Bank regulations have long used various restrictions to protect against crises, but Prasad Krishnamurthy shows how recent technological and institutional innovation—and shifting thoughts about competition—now curb the ability to limit it. His paper says certain restrictions can bolster current bank regulation and industry stability.
A study co-authored by Robert Bartlett finds that mortgage lenders charge higher interest rates and earn 11 to 17 percent more profit on loans to African Americans and Latinos than to whites. The study says African American and Latino home buyers pay up to $500 million more in interest each year than whites with comparable credit scores.
A study by Berkeley Law’s Human Rights Center offers insights from 21 nations on ways to prevent child marriage. Commissioned by Save the Children, the study draws upon more than 375 reports as well as interviews with practitioners from around the world. Child marriage affects an estimated 12 million girls each year.
The #MeToo movement prompted organizations to hurriedly create or update anti-harassment protocols. Noting the perils of this tactic, Lauren Edelman’s new article cites how companies often frame incidents as poor management, not harassment, and how the mere presence of a policy routinely prompts courts to shield them from legal liability.
A new study co-authored by Franklin Zimring questions laws allowing the indefinite custody of sexually violent predators after their sentences end. He says research showing California predators are far less likely to re-commit their crime than robbers, burglars, and drug offenders was suppressed because it threatened the legitimacy of state laws.
How does the U.S. Supreme Court decide whether to rule on a patent case? Rather than settling a split among two U.S. appeals courts—given that patent appeals often land in the Federal Circuit—a paper by Tejas Narcechania says the high court eyes a different kind of split: whether two fields of law conflict over the issue in question.
Because intermediaries are needed for services such as web hosting, marketing, and product delivery, the law is often used to deter their access to cybercriminals. In a recent article with two co-authors, Chris Hoofnagle examines the impact of enforcement methods, evaluates various interventions, and probes their success in curbing cybercrime.
Tobin’s q is the ratio between an asset’s market value and its replacement value. Robert Bartlett and Frank Partnoy address why it has become an over-simplified form of evaluation, and how it leads to problematic errors. Their recent paper shows how results differ—and are more reliable—when alternative approaches are used.
Alexa Koenig ’13 probes how international criminal tribunals should obtain data stored electronically by private, U.S.-incorporated companies for use as evidence. Her paper notes five options, and argues that the American Servicemembers’ Protection Act is not an absolute barrier to International Criminal Court investigations in the U.S.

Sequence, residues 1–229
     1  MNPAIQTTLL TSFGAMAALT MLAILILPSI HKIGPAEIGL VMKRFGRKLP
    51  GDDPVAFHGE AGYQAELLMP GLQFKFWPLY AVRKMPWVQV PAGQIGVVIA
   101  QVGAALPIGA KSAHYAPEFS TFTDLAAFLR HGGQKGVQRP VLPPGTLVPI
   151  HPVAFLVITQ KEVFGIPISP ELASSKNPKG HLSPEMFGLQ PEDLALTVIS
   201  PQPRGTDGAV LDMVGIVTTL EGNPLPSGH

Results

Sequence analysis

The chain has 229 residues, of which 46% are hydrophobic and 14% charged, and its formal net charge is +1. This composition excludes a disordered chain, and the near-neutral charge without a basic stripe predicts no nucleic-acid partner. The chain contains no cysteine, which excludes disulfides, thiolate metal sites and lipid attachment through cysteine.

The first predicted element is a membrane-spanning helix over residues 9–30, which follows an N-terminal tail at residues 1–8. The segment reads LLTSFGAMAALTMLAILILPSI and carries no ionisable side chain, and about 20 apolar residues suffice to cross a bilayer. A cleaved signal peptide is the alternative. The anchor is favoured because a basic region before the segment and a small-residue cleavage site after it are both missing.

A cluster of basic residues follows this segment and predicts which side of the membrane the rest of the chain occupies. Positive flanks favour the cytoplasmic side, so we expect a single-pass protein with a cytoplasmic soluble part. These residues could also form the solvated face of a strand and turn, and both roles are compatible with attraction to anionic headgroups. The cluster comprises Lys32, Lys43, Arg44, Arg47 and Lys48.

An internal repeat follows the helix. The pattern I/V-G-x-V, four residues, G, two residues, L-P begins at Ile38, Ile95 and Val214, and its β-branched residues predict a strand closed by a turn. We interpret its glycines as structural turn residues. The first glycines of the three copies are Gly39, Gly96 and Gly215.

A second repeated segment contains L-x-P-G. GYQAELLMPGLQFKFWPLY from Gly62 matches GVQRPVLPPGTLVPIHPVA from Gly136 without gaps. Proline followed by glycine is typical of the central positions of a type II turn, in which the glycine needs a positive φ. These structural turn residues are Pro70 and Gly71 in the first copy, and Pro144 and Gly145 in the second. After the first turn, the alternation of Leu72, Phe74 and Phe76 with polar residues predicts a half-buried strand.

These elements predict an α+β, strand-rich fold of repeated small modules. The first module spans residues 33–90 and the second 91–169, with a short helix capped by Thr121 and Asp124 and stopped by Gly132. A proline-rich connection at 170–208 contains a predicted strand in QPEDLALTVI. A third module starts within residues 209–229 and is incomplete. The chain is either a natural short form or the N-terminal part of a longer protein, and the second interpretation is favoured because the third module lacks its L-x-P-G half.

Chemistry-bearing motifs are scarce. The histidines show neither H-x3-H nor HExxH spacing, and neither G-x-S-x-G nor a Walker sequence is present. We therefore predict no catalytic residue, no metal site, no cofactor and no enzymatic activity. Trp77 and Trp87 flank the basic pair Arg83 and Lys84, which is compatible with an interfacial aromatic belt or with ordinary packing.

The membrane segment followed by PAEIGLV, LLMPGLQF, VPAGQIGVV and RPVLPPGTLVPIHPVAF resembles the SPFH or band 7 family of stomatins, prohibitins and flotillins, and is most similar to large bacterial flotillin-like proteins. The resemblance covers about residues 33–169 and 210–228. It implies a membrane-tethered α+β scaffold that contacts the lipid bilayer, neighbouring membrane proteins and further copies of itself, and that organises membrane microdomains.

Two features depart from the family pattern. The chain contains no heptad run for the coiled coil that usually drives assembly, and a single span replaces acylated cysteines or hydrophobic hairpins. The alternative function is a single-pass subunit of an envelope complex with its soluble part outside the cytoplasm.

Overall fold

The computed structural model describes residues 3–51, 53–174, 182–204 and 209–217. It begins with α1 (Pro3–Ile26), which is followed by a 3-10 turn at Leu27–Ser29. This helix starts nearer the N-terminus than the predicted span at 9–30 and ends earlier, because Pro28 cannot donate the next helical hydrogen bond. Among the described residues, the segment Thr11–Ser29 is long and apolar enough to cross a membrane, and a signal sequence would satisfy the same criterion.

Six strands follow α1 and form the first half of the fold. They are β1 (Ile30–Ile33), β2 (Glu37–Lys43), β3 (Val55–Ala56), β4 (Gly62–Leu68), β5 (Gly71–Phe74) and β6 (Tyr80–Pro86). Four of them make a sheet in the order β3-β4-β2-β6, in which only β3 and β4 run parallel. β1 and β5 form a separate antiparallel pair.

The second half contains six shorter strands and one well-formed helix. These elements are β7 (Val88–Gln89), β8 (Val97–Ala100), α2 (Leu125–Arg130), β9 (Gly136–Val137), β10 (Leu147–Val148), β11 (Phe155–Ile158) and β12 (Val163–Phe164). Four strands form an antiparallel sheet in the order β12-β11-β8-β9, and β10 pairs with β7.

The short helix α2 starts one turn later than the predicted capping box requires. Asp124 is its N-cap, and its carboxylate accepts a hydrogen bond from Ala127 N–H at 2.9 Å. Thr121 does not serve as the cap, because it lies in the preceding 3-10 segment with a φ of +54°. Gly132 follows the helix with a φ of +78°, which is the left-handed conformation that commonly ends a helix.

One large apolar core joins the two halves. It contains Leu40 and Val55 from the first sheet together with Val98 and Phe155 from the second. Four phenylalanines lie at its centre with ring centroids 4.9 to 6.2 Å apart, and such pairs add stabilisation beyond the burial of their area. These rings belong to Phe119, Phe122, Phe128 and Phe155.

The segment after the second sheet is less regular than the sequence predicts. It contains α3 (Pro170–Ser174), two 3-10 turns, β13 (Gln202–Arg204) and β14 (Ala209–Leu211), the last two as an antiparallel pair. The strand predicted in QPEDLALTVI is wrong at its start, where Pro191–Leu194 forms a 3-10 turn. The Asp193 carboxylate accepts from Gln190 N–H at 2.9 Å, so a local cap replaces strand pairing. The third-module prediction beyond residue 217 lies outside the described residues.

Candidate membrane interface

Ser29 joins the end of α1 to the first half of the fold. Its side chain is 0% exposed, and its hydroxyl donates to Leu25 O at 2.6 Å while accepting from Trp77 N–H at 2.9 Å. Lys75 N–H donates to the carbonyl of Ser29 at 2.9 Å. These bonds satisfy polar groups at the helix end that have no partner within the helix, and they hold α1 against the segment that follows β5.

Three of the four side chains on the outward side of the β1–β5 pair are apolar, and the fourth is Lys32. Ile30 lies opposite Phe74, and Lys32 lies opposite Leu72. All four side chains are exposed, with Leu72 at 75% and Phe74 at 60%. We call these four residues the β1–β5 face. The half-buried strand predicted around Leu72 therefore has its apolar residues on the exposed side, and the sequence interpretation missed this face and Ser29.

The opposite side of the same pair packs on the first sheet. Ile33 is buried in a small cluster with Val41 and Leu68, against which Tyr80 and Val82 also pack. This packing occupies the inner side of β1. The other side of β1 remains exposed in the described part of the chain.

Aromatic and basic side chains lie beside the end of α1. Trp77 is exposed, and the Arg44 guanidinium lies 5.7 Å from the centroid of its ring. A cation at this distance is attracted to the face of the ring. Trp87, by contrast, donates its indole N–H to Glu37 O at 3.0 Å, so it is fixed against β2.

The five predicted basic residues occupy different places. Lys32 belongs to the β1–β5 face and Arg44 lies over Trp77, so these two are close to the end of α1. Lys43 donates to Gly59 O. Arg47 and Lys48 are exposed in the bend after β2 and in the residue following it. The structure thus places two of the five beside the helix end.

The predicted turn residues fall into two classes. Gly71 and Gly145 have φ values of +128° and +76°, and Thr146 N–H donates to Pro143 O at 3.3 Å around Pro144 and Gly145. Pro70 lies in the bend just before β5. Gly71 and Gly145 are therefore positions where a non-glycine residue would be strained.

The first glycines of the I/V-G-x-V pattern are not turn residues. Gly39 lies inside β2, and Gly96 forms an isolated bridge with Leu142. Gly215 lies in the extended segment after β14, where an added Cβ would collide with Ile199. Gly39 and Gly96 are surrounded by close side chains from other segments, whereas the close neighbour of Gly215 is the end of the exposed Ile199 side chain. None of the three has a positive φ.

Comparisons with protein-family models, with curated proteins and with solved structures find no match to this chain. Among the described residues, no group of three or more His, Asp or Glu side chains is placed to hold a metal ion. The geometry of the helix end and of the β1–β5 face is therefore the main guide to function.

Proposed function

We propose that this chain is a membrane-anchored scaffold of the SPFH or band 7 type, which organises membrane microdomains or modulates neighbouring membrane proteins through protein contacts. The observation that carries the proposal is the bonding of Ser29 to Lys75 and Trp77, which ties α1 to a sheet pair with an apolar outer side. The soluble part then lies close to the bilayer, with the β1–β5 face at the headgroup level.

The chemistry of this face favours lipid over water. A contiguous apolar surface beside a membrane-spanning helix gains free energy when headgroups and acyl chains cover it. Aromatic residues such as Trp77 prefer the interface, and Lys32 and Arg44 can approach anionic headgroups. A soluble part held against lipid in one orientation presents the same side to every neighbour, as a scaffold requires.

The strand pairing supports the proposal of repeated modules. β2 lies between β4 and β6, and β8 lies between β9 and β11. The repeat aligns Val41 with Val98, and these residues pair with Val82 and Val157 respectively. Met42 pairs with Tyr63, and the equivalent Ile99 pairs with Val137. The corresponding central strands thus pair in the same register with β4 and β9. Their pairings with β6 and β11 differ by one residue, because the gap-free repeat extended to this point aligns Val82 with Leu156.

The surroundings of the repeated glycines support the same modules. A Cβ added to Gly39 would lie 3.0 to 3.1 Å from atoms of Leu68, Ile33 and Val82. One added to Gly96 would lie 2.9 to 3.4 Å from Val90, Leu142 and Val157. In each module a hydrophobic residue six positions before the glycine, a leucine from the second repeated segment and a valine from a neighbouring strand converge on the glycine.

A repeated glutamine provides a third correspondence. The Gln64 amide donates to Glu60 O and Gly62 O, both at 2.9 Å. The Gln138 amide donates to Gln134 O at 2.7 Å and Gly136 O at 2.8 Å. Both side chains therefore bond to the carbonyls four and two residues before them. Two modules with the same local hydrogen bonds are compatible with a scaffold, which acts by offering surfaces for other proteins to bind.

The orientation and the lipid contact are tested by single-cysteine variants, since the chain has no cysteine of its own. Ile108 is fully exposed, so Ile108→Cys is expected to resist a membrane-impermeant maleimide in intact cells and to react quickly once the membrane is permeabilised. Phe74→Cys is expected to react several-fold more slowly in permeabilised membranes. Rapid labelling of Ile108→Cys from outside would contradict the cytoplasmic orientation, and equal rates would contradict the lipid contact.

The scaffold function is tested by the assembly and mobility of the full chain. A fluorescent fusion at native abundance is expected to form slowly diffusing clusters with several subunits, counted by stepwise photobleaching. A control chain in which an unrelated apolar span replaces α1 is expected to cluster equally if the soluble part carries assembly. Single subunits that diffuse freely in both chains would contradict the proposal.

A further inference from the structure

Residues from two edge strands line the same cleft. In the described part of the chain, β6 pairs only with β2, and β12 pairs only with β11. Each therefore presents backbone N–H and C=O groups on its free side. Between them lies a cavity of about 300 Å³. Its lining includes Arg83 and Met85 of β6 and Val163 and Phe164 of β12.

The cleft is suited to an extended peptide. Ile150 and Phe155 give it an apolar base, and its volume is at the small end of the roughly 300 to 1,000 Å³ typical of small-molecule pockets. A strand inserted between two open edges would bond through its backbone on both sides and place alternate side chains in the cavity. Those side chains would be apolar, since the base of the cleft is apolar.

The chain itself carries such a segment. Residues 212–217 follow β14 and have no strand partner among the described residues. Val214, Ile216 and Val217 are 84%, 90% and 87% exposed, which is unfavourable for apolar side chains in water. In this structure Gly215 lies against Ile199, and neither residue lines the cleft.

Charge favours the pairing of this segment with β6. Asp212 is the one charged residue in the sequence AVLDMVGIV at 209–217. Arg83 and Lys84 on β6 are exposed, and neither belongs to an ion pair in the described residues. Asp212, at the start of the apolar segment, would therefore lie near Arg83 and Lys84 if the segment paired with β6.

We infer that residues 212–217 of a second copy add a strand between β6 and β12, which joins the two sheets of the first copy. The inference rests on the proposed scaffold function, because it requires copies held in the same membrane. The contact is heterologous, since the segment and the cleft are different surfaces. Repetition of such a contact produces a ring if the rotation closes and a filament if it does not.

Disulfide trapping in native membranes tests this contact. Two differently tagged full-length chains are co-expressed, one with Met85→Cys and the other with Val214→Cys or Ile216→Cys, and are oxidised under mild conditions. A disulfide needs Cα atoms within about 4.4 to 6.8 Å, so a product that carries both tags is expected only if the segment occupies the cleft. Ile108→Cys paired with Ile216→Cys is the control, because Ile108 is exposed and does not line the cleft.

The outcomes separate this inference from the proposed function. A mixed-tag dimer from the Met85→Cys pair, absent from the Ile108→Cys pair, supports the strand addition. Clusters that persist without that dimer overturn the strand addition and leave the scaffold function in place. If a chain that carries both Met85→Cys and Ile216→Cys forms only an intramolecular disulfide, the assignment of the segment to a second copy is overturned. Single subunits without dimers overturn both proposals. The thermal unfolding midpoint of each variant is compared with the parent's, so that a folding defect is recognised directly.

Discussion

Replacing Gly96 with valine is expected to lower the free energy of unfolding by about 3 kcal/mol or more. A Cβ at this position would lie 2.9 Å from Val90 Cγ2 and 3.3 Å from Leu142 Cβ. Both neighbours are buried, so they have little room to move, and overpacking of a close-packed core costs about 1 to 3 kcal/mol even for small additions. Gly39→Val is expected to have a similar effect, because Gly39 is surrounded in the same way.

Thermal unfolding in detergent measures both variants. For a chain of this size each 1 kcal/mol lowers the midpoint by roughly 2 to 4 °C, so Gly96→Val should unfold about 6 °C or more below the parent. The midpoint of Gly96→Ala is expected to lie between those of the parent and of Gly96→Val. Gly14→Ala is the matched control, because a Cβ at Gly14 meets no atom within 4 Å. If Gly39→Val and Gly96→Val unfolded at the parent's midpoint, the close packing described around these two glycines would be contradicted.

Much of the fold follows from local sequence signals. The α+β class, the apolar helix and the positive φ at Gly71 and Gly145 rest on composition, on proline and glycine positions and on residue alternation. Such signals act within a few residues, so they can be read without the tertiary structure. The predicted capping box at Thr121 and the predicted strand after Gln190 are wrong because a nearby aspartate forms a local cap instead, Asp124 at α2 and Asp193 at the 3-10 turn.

Sonia Katyal notes that the surging transgender rights movement has forced a rethinking of core legal presumptions associated with science, sex, and gender. As scholars and policymakers respond to this complexity, Katyal’s award-winning article offers a new way to consider the relationship between sex and gender.
Stavros Gadinis and Amelia Miazad see chief compliance and legal officers becoming lead actors in ensuring companies’ sound risk management and ethical leadership. Their paper says that while holding corporate boards accountable has long been seen as elusive, that may soon change with the growth of compliance department reporting.
Abbye Atkinson takes issue with how non-dischargeable debts are treated in the Bankruptcy Code. Her recent article asserts that the Code’s three main reasons for precluding debts from discharge seem arbitrary, and have harsh implications for disenfranchised communities in which such debts may be concentrated.
Amid criticism of the Trump Administration’s pace for filling top government posts, Anne Joseph O’Connell paints a more detailed and less jarring picture. Her new report finds the administration submitting nominations “at a decent though not remarkable clip,” and striving to fill key openings in courts and agencies.
Nearly 120 countries have national human rights institutions. A new paper co-authored by Katerina Linos describes what makes these institutions effective, or ineffective, at bridging international law and domestic practices. It finds that formal safeguards and the ability to process individual complaints fuel success and build broad support.